# Improving Performance of For-Loop and Matrix Multiplication for Time Integration Solver

I am writing some code that performs a simple time-history integration solver (Newmark method for structural dynamics) and I looking for some suggestions in how I can improve the performance of my code. The below snippet of code is part of a larger function that is called from another script.

Currently, I am calculating a parameter called displacements for many time steps (think on the order of 5,000,000 steps). From observing the code and running ProfileView to profile the code it is apparent that the matrix multiplication seems to be slowing down the script in the for-loop. Some details about the input:

dofs = number of degrees of freedom in the system (at most 1282)
num_time_steps = 5,000,000
yF = vector of size (num_steps, 1)
a1, a2, a3, k_hat_inv = matrices of size (dofs-2, dofs-2) (a1, a2, a3 are sparsely populated matrices, k_hat_inv is a full matrix)
vel_const1, vel_const2, vel_const3 = Float64 constant
acc_const1, acc_const1, acc_const1= Float64 constant

For a simple example when dofs = 12 this code runs very quickly (~3-4s) but as dofs increases to 1282 the run time increases very significantly (still running after 1/2 day) and I would like to find some ways to decrease this run time. Are there any other ways that I can improve the performance of this code?

You can also see in the for-loop some commented out lines, these are all things I have tried but resulted in poorer performance compared to the uncommented lines.

``````    # Initial state, forst time step at t = 0s
cdisp = zeros(dofs - 2)
cvel = zeros(dofs - 2)
#caccel = m_inv * (loading_vec .- (c * cvel) .- k * cdisp) -> Always zero for zero initial conditions
caccel = zeros(dofs - 2)
u_i_p1 = zeros(dofs-2)
udot_i_p1 = zeros(dofs-2)
u2dot_i_p1 = zeros(dofs-2)
a1_vec = zeros(dofs-2)
a2_vec = zeros(dofs-2)
a3_vec = zeros(dofs-2)
P_i_p1_hat = zeros(dofs-2)

# Initialize the displacement vector
displacements = zeros(dofs - 2, disp_steps)

# Start the time history analysis as per Chopra, 2017
disp_counter = 1
println("     Time history started")
for ii = 1:num_time_steps-1

# Obtain the force for the next time step

# Obtain P_i_p1_hat
#P_i_p1_hat = loading_vec + a1 * cdisp + a2 * cvel + a3 * caccel
P_i_p1_hat .= loading_vec .+ mul!(a1_vec, a1, cdisp) .+ mul!(a2_vec, a2, cvel) .+ mul!(a3_vec, a3, caccel)

# Calculate the displacement due to this force, u_i+1 = k_hat_inv * P_i_p1
#u_i_p1 = k_hat_inv * P_i_p1_hat
mul!(u_i_p1, k_hat_inv, P_i_p1_hat)
#u_i_p1 = k_hat_inv * (loading_vec + a1 * cdisp + a2 * cvel + a3 * caccel)
#mul!(u_i_p1, k_hat_inv, (loading_vec .+ (a1 * cdisp) .+ (a2 * cvel) .+ (a3 * caccel)))
#mul!(u_i_p1, k_hat_inv, (loading_vec .+ mul!(a1_vec, a1, cdisp) .+ mul!(a2_vec, a2, cvel) .+ mul!(a3_vec, a3, caccel)))

# Calculate the velocity due to this displacement, u_dot_i+1
#udot_i_p1 = vel_const1 * (u_i_p1 - cdisp) + vel_const2 * cvel + vel_const3 * caccel
udot_i_p1 .= (vel_const1 .* (u_i_p1 .- cdisp)) .+ (vel_const2 .* cvel) .+ (vel_const3 .* caccel)

# Calculate the acceleration due to this displacement, u_2dot_i+1
#u2dot_i_p1 = acc_const1 * (u_i_p1 - cdisp) - acc_const2 * cvel - acc_const3 * caccel
u2dot_i_p1 .= (acc_const1 .* (u_i_p1 .- cdisp)) .- (acc_const2 .* cvel) .- (acc_const3 .* caccel)

# Get current values for the next step
cdisp .= u_i_p1
cvel .= udot_i_p1
caccel .= u2dot_i_p1

# Write the displacement vector
if ii % disp_save == 0
disp_counter += 1
displacements[:, disp_counter] .= u_i_p1
end
end
``````

It’s kind of hard do to formatting, but it appears you are running all this code in the global scope. You should probably read https://docs.julialang.org/en/v1/manual/performance-tips/index.html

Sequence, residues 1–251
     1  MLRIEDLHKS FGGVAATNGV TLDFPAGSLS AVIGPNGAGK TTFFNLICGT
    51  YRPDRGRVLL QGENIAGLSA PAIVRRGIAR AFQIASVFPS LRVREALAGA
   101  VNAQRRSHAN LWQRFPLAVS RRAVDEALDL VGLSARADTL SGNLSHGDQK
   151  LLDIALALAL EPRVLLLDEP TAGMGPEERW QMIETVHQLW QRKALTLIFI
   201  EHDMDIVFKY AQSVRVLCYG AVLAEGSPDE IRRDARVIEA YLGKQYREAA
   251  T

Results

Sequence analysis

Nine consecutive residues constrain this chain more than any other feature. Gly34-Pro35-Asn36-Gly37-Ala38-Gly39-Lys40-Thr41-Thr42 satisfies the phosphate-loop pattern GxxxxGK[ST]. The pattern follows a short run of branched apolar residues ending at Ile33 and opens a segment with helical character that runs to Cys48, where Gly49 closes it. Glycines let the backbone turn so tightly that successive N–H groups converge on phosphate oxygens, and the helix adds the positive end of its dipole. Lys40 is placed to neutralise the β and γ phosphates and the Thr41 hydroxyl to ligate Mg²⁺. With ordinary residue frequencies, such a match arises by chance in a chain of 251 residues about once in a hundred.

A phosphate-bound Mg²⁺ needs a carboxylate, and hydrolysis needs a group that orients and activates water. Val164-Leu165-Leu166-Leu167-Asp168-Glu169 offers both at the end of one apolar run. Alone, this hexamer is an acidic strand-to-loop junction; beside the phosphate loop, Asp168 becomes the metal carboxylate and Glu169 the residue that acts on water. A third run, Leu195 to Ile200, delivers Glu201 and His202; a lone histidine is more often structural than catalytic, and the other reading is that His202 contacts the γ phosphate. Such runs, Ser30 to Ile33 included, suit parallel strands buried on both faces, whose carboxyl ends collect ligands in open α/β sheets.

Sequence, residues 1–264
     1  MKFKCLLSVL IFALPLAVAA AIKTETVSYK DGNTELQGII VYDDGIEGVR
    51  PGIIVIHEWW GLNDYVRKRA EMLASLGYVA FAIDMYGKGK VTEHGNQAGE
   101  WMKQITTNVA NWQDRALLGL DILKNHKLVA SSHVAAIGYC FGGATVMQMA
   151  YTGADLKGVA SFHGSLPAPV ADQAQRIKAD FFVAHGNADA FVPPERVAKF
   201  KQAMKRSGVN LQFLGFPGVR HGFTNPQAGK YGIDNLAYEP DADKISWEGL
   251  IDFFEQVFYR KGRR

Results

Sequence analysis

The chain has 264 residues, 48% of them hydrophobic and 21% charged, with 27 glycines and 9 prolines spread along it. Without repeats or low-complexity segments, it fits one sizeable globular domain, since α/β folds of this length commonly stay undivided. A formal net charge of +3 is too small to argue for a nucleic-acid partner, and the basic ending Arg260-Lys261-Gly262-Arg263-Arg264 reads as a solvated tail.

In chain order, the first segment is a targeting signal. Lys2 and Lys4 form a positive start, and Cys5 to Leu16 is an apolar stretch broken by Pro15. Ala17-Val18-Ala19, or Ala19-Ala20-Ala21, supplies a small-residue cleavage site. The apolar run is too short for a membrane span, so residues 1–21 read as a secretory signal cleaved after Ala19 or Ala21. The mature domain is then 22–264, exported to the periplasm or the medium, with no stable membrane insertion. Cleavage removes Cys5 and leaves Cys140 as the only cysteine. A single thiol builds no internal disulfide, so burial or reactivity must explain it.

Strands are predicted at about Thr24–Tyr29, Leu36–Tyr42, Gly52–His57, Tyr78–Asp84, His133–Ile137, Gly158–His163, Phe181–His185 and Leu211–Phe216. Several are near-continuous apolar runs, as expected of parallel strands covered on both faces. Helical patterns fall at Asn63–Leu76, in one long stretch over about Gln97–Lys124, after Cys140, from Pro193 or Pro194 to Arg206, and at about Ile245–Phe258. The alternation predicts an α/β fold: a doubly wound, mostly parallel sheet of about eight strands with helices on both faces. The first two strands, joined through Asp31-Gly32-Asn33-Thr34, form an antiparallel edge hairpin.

Hi @Oscar_Smith, just updated the question but this code snippet is part of a larger function that is called from the main run file. I believe this would mean these are local variables but please correct me if I am wrong (I have only been using Julia for about a week).

Are you using an actual inverse? That would be a mistake. The “fast” way is via factorization: https://github.com/PetrKryslUCSD/FinEtoolsHeatDiff.jl/blob/master/examples/transient/2-d/hill_decay_gentrap.jl

I am doing exactly what you are doing in line 69-70, essentially just solving the left hand side of the equation. But I am not exactly sure what you mean by an actual inverse?

Don’t use `inv(K)`. Use factorization and backwards and forwards solve.

This is especially critical if you are inverting a sparse matrix `K`, in which case you can use a sparse factorization instead of the dense inverse. On the other hand, if `K` is dense then it’s not terrible to use the inverse since it is computed only once. Without more information it’s hard to say.

a1, a2, a3 are sparsely populated matrices

So you are using sparse-matrix data structures for these?

It will be faster to just write a single loop to do all of these updates than a bunch of vectorized operations, even with Julia’s fused-in-place broadcasting. In a single loop, you can compute quantities like `u_i_p1[i] - cdisp[i]` only once and re-use them for both `udot_i_p1` and `u2dot_i_p1`, for example. You will also get better cache-line locality.

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@stevengj, I am using sparse-matrix data structures for the variables that I can. As for the k matrix I am directly using the inverse so calculating it only once is far for efficient than calculating it at every loop. Additionally, placing the calculation of udot_i_p1 and u2dot_i_p1 into a for loop also increased the performance slightly, thank you.

Calculating the inverse of the sparse matrix is the wrong thing to do. It results in a dense matrix, so that the multiplication of this matrix with a vector is more costly than doing a backwards and forward substitution. Not to mention that for sufficiently large problem it becomes impossible to store the matrix in the first place.